Good luck! 

Figure: A typical under-the-sink reverse osmosis (RO) unit

Thursday, September 21, 2023

Descaling for home appliances?

 Also, what are the consequences if we don't descale - the iron, airpot works fine. 

For Nespresso, I read that they will take longer to heat or water will be cold, coffee will be bitter. 

They still heat up. 

How do I know if the 1) to 3 items need descaling?  

Thanks again. 


Thank you Mr Chen Ko for your thorough water blog. 


Hope you can advise me if the following needs regular descaling if used in Singapore with its soft water:

1) Iron with water container, 

2) Thermal air pot or  kettle 

3) Nesppresso?


So far we have not descale any of our electric water containers. 

At most, I  see the ageing water heating rod turned orange in our kettle.  

Thank you for your kind sharing. 




Dear Kim

Here are a few thoughts regarding the issue.

  1. Hardness in water is due mainly to calcium and magnesium initially dissolved in water. Due to heating, these calcium & magnesium react chemically with other substances in water to form your solid scale.

  2. Toxicity of scale is not an issue so we can leave that out of the equation.

  3. However, scale does adversely affect heat transfer in heating equipment so a thick layer of scale means that you need more power to heat up the same amount of water or beverage. In industry, it is a standard practice to descale large-scale heating equipment to minimise heating costs. For domestic purposes though, I hardly hear of such a practice as the economics probably do not work out favourably. Your equipment probably fails before the scaling becomes problematic.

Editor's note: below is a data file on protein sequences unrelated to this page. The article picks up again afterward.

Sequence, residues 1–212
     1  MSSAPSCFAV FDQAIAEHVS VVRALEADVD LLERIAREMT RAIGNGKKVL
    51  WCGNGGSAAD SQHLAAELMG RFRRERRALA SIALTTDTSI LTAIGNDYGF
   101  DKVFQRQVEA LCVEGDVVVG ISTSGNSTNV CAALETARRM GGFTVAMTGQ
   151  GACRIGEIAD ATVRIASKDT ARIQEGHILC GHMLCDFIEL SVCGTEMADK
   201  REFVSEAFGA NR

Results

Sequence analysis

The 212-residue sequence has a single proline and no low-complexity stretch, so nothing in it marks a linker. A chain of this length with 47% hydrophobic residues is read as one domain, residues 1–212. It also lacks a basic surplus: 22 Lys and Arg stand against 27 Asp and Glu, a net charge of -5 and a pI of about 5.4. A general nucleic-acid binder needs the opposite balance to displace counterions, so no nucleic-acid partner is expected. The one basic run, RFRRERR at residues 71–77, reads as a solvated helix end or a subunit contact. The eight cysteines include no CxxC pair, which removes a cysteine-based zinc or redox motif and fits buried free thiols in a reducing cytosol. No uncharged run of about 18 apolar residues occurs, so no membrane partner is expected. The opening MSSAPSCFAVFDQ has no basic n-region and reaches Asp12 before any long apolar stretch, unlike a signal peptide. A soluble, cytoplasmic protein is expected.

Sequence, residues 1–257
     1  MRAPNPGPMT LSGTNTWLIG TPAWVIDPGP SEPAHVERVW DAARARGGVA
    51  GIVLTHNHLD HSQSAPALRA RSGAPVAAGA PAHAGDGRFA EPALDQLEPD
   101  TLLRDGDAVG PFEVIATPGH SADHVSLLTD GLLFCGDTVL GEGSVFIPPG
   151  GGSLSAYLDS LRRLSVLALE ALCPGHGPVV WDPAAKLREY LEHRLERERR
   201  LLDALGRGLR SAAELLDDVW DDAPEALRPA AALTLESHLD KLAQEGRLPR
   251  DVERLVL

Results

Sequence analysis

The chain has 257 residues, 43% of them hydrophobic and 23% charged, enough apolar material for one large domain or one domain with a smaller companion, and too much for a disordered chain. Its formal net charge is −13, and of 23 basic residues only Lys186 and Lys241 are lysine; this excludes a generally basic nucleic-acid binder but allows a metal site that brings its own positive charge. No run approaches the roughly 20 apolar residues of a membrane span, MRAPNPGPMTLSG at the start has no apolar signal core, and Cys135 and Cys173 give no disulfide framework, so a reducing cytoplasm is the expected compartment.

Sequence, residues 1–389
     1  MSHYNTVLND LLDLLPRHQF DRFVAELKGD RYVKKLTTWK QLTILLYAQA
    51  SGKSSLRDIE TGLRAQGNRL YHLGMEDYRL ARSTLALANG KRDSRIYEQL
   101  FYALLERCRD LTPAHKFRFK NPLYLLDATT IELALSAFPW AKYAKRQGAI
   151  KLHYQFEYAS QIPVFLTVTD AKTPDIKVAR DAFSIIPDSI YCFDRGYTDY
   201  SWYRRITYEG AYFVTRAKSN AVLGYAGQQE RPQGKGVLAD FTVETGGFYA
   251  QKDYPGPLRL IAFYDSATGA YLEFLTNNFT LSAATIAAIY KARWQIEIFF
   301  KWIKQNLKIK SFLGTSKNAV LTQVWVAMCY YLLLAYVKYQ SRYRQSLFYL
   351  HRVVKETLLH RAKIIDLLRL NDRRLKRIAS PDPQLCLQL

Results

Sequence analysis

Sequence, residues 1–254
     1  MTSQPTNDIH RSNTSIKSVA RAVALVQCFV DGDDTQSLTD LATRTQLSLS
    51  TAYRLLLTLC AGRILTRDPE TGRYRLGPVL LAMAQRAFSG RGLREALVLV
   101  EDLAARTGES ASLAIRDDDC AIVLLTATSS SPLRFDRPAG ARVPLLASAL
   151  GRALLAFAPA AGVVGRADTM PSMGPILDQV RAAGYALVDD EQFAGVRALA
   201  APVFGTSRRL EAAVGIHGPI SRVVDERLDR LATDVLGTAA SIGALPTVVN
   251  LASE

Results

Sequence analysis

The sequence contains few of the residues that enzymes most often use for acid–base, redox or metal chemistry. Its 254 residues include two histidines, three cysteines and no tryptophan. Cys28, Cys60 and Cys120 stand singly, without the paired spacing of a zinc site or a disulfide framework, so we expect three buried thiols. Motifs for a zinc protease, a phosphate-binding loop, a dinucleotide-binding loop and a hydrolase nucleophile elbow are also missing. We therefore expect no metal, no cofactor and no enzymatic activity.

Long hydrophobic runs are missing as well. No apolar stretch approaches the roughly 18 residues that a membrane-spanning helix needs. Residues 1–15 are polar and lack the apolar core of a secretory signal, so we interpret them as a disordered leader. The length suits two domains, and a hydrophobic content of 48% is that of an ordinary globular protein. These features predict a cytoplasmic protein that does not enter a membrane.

4. As you rightly pointed out, the water in SG tap water is soft so the scaling problem is somewhat less severe than in other countries consuming hard water in their homes.

  5. Though scale is somewhat stable normally, it can break up and dissolve in an acidic environment. Incidentally this is one way to perform descaling. You mention about coffee so yes, if your coffee has the right level of acidity (this applies to tea too), the scale can dissolve into your beverage and most likely affect its taste.

  6. Long story short, if you believe the scale is affecting the taste of your normally superb coffee/tea, go ahead with descaling. However, I am unsure of the economics of such a move compared to simply getting a new machine.

Good luck!

Figure: Nespresso machine